IDEAL HEAD POSITION
NOT AN OPTIMAL START POSITION
The deadlift can get brushed off as the least technical of the big lifts. Pick it up and put it down….. that’s it right? Though the learning curve for the deadlift tends to be much shorter than many other compound lifts like the bench press, squat, or olympic lifts, its’ simplicity can sometimes be deceiving. Foot, hip, and head position are all crucial, and highly individual for the athlete based on limb and torso lengths. Mastering tension and breathing are also key to success in the lift. There is also a thing called leg drive that many people tend to bypass once things get heavy and wonder why their lower back is trashed for days after a session. I won’t address every factor in this short blog/video. What I do want to address are a few common mistakes we tend to correct on lifters that come to us for instruction.
One other note. You could probably Youtube some monsters deadlifting a house doing the things that this article says to avoid. Understand there is always individuality with people, but the exception isn’t the rule.
There was a horrific video a few years ago that circulated on Youtube of a “trainer” helping his client by grabbing her by the chin and forcing it up throughout the lift. Horrific isn’t the right word. Incompetence, negligence, and stupidity are all fitting, but not serious enough. Sorry I digress. Yes, extension at the neck can help facilitate the deadlift but not at the bottom of the lift when hips and knees are flexed. At the beginning of the deadlift it is important to keep a neutral neck position. Hyper-extension, especially at the bottom position puts the body at a disadvantage and causes stress on the neck and posterior chain. It is ideal to coach a neutral neck with the lifter’s eyes looking up(eye extension is not neck extension). As the lifter progresses through the lift into an upright position the head/neck should be strait or slightly extended. There are times neck extension is used in finishing a big lift at the top, but it shouldn’t be used as a main driver in the deadlift. Does this mean everyones neck has to be perfectly strait at the beginning? No. There will be degrees of variation, but a severe hyperextension is rarely ever an advantageous position.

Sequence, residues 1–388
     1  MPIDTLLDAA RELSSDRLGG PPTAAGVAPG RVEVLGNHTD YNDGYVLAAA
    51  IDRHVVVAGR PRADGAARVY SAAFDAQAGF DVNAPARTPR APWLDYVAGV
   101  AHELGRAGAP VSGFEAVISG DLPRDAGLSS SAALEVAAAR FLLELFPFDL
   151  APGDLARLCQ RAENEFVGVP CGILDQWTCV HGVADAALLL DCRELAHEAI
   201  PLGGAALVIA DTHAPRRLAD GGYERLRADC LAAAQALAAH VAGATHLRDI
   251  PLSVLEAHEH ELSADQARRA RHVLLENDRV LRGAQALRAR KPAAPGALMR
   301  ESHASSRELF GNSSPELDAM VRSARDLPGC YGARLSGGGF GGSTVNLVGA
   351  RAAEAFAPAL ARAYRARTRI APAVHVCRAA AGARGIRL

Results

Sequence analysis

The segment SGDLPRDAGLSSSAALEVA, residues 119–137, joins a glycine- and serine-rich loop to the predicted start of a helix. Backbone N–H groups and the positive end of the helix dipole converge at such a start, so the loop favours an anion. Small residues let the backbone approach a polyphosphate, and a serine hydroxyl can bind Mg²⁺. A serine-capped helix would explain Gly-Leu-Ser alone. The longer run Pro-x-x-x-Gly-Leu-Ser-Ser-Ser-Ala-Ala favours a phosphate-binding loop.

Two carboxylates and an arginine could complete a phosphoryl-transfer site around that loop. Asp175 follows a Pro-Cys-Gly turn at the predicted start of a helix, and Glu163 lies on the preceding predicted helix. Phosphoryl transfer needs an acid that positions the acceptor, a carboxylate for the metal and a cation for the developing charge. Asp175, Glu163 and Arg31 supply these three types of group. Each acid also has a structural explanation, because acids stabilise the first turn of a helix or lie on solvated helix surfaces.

UPPER BACK and LATS
Another common mistake we see are people that get tight by squeezing their shoulder blades together before initiating the deadlift. Engaging the lats does NOT mean squeeze the shoulder blades together. When you retract the scapula, you fully engage the rhomboids which are shoulder stabilizers. Rhomboids not meant to hold a maximal deadlift. You want to spread the shoulder blades (not round the back), and think about having long arms. Reach out and push arms down or close your armpits . Engaging your lats appropriately will allow you to have maximal stability and connect your upper back to your hips so your legs will drive the movement.
LEG DRIVE – LEG DRIVE – LEG DRIVE
The deadlift is widely known as a pull. Many times, when lifters think of pulling the weight they commonly initiate the lift by utilizing the lower back muscles. When the hips are in the right position and the lats are engaged the legs should initiate by pushing the ground away. If you have experience on the belt squat it is a good simulation of the push to initiate the deadlift.
We are kicking off our Barbell Foundations Course October 13th, 2020. A 6 Week course that will focus on the main compound lifts, Bench, Squat, Deadlift, and Power Clean. We are capping the course at 10 people. Click the button below to learn more!